Who Must Plan?
For recreation and conservation grant programs, you must complete a long-range comprehensive plan before you apply to the following grant programs:
- Boating Facilities Program
- Land and Water Conservation Fund
- Nonhighway and Off-road Vehicle Activities (except for projects in the Education and Enforcement Category and maintenance and operations projects)
- Washington Wildlife and Recreation Program recreation and habitat grants (except for Farmland and Forestland Preservation Categories)
The planning requirements differ by grant program so please read the grant manuals for details.
In general, salmon recovery projects should be included as a priority in either a regional recovery plan or other plan or strategy that supports salmon recovery.
What Should be Submitted?
- A comprehensive parks and recreation or habitat conservation plan along with documentation of the public outreach used to develop the plan.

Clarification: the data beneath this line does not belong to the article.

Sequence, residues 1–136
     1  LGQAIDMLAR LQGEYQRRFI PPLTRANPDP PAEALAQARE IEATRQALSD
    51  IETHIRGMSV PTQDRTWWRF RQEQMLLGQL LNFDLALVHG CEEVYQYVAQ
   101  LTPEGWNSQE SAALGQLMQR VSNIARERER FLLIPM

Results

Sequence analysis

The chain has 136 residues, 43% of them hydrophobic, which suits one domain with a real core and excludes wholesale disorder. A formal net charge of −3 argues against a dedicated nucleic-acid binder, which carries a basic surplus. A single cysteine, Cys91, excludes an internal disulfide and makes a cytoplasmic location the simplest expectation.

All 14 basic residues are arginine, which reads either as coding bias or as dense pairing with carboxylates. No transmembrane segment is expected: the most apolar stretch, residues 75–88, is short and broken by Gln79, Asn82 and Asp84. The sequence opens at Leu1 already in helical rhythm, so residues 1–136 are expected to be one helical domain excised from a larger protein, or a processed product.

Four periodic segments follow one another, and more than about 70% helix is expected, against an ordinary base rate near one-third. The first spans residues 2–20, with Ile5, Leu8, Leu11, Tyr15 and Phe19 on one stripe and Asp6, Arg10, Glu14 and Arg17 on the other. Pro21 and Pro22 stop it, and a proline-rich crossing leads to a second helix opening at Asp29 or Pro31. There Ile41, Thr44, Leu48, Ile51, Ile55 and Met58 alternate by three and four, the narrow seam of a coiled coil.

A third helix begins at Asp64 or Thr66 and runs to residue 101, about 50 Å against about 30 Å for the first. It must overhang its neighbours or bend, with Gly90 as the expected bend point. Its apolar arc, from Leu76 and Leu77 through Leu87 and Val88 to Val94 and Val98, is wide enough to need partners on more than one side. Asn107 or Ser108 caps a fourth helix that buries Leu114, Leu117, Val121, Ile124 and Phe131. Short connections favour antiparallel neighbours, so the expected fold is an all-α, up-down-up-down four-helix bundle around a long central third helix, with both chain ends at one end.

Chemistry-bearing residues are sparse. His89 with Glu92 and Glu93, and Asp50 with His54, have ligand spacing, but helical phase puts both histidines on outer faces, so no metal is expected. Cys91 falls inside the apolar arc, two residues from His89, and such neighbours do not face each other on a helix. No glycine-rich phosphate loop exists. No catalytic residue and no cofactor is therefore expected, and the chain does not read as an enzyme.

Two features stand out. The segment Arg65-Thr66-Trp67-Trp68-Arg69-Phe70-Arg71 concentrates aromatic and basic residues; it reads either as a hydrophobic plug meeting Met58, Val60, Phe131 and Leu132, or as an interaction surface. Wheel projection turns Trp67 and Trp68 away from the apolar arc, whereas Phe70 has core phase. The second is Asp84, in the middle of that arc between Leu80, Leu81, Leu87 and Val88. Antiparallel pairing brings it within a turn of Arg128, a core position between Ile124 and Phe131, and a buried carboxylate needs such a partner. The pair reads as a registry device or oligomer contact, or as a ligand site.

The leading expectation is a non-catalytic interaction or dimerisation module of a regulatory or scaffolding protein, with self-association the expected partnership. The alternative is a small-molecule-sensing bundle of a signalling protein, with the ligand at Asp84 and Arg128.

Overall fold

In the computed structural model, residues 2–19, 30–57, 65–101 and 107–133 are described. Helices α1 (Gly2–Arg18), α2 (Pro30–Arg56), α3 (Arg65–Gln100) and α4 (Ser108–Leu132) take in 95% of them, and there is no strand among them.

- Completed Self Certification Form checklist (see Manual 2: Planning Policies and Guidelines, Appendix B).
- Copy of the ordinance or resolution that indicates plan adoption.
Use Manual 2: Planning Policies and Guidelines as a starting point. Sample plans and statewide recreational plans are available as resources. If you would like, staff can review your plan before adoption.
Materials for plan eligibility should be submitted to RCO by e-mail or electronic access (Box.com, OneDrive, etc.).
Plans are eligible for 6 years from the date of adoption. Check the links below to see if your organization already has an approved plan.
Katie Knight Pruit
Relay Service for the Hearing Impaired: 800-833-6388
The Department of Commerce administers the Growth Management Act and has many helpful publications.
Local governments also may want to check the Municipal Research and Services Center of Washington for additional assistance.
The Small Town and Rural Multimodal Networks guide is useful for rural areas and public lands.